Taking U.S.-Style Union Avoidance Global
Union avoidance firms have sought to counteract the unions’ use of international standards to advance organizing, warning that corporations must “own the debate” on global labor standards or “the unions will define it for you.”7 Littler attorneys have helped MNCs “formulate and implement strategies to respond to efforts by labor unions . . . to discredit them through global campaigns.”8 Likewise, one senior Ogletree attorney (who advised the U.S. employer group at the ILO) has “defended clients in global corporate campaigns.”9 The firm states that it responds to all forms of union organizing activity, including “global attacks.”10 Jackson Lewis, meanwhile, has warned employers that global corporate campaigns are about to “turn nasty,”11 and predicted that, as multinationals struggle with more sophisticated union tactics, “international corporate campaigns may shift more toward the American-style of organizing and counter-campaigns, particularly in European countries.”12
Union avoidance attorneys have cautioned against signing global framework agreements with global union federations because they provide labor with “ammunition” and “can deny a business the use of union avoidance measures.”13 Littler attorneys have criticized Swedish fashion retailer H&M for signing an international framework agreement with UNI Global Union and a neutrality agreement with the United Food and Commercial Workers, which resulted in the unionization of over 2000 retail workers in New York City and Long Island. Framework agreements, the firm cautioned, are especially problematic for “public-facing” retail brands.14
Using Global Standards to Bash Global Labor
Union avoidance attorneys have advised employers to deploy global standards offensively against labor organizations. Littler attorneys have suggested using the OECD complaints process, which is intended to protect worker rights against violations by MNCs, to attack global union federations by making their financial records publicly available. Unions have filed OECD complaints during several global organizing campaigns, including those at Nissan, T-Mobile, DHL, and Ikea. Littler attorneys have proposed filing an OECD complaint against global union federations and establishing and funding a group “to process and publicize the case.” This “interesting idea” would put labor “on the defensive” and provide corporations targeted by unions with “a tool to respond to criticism.”15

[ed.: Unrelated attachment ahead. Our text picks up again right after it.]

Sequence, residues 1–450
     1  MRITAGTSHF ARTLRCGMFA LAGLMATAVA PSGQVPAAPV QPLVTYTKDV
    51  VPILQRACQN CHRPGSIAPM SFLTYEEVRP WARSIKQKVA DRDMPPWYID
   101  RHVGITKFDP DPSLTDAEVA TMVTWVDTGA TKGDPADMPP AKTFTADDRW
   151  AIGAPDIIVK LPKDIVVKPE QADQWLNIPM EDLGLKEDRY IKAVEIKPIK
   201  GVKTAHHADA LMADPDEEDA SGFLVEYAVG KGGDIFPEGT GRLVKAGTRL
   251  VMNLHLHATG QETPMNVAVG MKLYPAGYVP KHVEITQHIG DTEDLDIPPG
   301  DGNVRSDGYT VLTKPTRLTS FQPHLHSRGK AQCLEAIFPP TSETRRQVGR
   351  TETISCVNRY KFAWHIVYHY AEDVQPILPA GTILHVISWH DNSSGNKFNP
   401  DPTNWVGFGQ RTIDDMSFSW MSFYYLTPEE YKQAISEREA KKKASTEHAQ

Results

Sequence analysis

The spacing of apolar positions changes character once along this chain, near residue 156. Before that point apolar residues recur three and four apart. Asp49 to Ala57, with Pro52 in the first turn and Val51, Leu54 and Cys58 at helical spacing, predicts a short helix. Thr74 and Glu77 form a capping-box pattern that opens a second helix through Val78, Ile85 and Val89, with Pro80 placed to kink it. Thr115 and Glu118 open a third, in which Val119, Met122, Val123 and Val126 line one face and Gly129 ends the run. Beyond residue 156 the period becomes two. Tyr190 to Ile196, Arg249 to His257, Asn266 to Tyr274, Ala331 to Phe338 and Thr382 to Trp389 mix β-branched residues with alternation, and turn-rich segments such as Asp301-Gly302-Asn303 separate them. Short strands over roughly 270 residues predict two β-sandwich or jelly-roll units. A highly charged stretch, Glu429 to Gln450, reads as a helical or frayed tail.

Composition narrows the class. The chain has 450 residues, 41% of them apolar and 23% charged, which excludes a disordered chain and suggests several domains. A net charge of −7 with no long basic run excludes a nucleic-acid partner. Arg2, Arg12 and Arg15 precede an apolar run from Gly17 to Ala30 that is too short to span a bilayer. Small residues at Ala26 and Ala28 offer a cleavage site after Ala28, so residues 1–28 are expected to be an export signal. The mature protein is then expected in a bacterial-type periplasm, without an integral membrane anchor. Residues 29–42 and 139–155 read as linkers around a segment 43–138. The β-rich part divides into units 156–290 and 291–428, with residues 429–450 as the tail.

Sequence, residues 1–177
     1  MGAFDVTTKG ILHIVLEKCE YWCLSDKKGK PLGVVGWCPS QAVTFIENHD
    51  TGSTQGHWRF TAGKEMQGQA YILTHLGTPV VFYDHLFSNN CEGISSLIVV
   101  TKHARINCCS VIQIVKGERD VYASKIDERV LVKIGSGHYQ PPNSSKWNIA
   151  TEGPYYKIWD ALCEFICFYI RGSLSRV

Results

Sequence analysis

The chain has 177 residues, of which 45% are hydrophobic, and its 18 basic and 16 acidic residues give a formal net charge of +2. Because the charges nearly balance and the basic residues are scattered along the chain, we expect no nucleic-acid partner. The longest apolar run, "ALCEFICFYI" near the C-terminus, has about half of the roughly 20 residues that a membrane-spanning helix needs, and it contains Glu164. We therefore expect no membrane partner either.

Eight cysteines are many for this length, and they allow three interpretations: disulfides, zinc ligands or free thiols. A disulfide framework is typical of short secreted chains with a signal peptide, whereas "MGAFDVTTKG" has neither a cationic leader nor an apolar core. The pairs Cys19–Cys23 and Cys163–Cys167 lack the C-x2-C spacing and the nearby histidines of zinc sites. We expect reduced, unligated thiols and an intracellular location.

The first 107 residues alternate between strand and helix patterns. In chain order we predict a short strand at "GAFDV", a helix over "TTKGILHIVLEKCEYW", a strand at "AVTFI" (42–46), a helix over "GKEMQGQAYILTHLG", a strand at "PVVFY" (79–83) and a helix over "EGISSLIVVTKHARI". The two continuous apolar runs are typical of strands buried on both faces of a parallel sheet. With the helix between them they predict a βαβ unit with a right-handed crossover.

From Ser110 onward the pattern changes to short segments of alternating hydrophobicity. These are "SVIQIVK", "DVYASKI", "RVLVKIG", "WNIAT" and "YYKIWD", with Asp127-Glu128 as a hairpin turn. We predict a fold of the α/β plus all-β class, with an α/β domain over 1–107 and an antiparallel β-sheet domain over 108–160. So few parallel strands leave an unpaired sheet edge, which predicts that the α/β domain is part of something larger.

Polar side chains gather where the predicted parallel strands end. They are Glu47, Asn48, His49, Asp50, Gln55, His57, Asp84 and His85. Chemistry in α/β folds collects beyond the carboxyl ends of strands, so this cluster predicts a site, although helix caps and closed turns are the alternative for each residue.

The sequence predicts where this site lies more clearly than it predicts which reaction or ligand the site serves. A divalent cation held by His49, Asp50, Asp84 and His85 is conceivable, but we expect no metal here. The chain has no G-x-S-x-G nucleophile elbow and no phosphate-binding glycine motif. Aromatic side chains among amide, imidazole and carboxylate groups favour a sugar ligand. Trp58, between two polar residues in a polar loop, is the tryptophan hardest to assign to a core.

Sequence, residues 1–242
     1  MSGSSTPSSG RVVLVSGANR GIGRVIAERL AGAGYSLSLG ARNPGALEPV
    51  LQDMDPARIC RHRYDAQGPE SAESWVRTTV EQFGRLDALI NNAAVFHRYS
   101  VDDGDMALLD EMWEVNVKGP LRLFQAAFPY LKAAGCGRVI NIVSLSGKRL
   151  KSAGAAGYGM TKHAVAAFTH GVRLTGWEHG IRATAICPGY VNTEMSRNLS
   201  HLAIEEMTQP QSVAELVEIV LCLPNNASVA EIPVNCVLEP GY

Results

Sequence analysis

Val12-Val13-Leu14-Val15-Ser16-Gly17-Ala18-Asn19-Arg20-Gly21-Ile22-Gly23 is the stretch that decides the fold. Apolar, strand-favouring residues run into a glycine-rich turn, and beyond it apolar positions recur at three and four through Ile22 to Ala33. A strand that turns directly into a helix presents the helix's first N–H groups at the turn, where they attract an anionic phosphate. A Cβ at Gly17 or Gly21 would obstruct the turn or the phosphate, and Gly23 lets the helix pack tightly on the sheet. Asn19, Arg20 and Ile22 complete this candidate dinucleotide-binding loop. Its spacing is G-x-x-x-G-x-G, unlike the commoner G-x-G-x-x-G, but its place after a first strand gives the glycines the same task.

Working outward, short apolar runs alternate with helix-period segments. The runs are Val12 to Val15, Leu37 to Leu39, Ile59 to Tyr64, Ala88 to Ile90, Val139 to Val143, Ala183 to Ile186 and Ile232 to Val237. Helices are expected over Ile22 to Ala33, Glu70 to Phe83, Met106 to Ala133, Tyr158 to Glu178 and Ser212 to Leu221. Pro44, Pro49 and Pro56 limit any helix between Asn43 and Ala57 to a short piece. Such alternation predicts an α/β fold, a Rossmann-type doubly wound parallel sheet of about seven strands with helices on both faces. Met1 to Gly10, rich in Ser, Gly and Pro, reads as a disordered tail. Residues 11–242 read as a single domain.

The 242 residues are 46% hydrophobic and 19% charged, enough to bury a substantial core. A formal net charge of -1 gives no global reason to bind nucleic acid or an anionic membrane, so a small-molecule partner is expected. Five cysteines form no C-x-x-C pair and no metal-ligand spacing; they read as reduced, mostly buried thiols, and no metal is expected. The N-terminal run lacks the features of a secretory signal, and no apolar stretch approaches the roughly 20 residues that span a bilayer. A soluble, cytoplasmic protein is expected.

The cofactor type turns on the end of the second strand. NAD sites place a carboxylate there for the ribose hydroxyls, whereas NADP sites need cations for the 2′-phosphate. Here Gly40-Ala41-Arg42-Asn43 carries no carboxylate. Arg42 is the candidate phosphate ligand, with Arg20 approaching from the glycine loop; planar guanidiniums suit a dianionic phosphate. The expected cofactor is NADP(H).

Littler attorneys have suggested using the OECD complaints process . . . to attack global union federations by making their financial records publicly available.
Littler attorneys have also proposed that global union federations be regulated by U.S. law. In testimony before the House of Representatives, one Littler attorney stated that global union federations have “become increasingly active in the United States and on behalf of their U.S. member unions to further organizing efforts . . . None of these global union federations comply with the requirements of the LMRDA [Labor-Management Reporting and Disclosure Act].”16 Thus, union avoidance law firms have opposed using the 1959 LMRDA to require financial reporting from union avoidance firms and employers that hire them—an original intent of the law—but support using it to regulate global union federations, over which U.S. law has no jurisdiction.
Using Global Standards to Undermine Labor Rights
Confronted with unions using international labor standards “as a means to gain leverage” in global organizing campaigns, union avoidance law firms have pushed back. Littler attorneys have argued that, under international law, employers not only have a right, but also have an obligation to oppose unions: ILO jurisprudence requires them to speak out against unionization, otherwise workers will be denied access to information they need to make an “informed” choice:
[I]t may be a violation of international law for employers to be limited in their right to freedom of expression and opinion . . . By agreeing to remain silent, an employer effectively may deny workers information, opinions and ideas they have a right to receive . . . Under international law, information from employers . . . is not only welcome, but also . . . necessary.17
. . . [U]nion avoidance firms have consistently opposed union access to the workplace in order to make the case in favor of unionization.